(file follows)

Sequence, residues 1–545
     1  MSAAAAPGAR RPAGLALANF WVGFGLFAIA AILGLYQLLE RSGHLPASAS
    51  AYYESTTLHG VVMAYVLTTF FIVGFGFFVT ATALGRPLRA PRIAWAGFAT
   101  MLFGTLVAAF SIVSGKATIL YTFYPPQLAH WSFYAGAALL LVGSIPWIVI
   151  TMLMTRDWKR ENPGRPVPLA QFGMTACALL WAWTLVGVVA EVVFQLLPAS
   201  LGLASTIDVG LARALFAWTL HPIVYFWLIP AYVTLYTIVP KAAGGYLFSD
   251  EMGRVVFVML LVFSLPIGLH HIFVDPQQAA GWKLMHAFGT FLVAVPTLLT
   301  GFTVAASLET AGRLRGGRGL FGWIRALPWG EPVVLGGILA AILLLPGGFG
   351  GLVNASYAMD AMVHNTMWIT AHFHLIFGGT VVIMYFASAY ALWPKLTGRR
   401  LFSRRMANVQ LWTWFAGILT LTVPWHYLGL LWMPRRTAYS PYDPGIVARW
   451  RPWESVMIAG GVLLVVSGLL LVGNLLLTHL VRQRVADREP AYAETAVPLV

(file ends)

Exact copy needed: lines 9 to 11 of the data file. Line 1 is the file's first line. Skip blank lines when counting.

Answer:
   351  GLVNASYAMD AMVHNTMWIT AHFHLIFGGT VVIMYFASAY ALWPKLTGRR
   401  LFSRRMANVQ LWTWFAGILT LTVPWHYLGL LWMPRRTAYS PYDPGIVARW
   451  RPWESVMIAG GVLLVVSGLL LVGNLLLTHL VRQRVADREP AYAETAVPLV